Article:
German state says carmakers to push diesel filters


BERLIN, March 31 (Reuters) - The German state of Bavaria said on Thursday carmakers Audi and BMW would shortly start a nationwide programme to fit diesel engine particle filters to existing cars.

Bavarian Environment Minister Werner Schnappauf said after talks with the carmakers that the state had agreed a programme to cut vehicle emissions with Audi and BMW who would release more details over the next few days.

Germany's government promised on Wednesday to present draft legislation before the summer to speed the introduction of diesel engine particle filters after air pollution levels in Munich and Stuttgart broke new EU limits.

The government had said in February it planned to propose tax breaks to people buying cars fitted with diesel filters or adapting older vehicles, but did not put a timetable on any law after some of Germany's 16 states rejected the idea.

EU Industry Commissioner Guenter Verheugen told German television on Thursday member states would be given time to enforce new air pollution rules.

But speculation has escalated that some cities may introduce temporary driving bans or tolls, prompting auto industry fears that business could be hit.

German Economy Minister Wolfgang Clement (Social Democrats) said the discussion risked harming one of the country's key industries.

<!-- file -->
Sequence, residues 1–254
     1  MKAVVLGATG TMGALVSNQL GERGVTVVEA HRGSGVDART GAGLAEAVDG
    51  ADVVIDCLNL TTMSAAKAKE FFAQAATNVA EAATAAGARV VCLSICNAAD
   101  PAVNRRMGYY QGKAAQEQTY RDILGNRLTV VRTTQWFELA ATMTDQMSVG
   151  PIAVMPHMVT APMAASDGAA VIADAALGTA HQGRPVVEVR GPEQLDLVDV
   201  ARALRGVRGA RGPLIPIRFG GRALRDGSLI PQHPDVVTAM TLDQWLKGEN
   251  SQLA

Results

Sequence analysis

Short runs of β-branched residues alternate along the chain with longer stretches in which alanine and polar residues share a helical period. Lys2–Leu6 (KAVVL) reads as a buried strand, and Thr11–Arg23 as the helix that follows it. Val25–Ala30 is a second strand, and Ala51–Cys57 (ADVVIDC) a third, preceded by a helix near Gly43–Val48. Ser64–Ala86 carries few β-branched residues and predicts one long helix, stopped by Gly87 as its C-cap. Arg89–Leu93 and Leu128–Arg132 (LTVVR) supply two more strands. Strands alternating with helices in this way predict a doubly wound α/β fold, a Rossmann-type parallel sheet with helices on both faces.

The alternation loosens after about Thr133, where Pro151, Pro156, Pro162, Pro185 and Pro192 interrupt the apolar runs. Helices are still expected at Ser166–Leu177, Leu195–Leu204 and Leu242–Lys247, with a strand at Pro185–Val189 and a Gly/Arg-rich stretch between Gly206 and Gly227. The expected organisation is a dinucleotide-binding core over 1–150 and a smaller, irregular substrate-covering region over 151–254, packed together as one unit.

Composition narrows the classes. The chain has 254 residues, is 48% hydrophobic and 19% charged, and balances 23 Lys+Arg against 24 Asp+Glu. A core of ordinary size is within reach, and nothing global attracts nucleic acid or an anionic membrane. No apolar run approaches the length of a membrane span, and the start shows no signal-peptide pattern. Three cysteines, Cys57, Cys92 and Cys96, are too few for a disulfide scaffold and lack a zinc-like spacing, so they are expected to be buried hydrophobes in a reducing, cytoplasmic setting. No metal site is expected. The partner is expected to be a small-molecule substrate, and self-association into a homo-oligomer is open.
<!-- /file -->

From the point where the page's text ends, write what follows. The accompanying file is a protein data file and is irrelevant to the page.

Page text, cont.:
But Environment Minister Juergen Trittin of coalition partners the Greens told the Handelsblatt newspaper: "If we should actually see the kind of sales crisis feared by the German autos industry then they would have only themselves to blame. German carmakers have ignored the problem of diesel particle pollution for far too long, unlike their French competitors."

Under the government's plans, new car buyers would be offered a 350 euro ($453) reduction in road tax if their vehicle is fitted with a diesel filter. Those converting older cars would get 250 euros.

German VDA car industry association president Bernd Gottschalk said in a statement on Thursday Germany's carmakers were ready to play their part and firms were rushing to organise programmes to install filters on older cars. But he called on the government to come up with a wider solution to the problem of vehicle air pollution.



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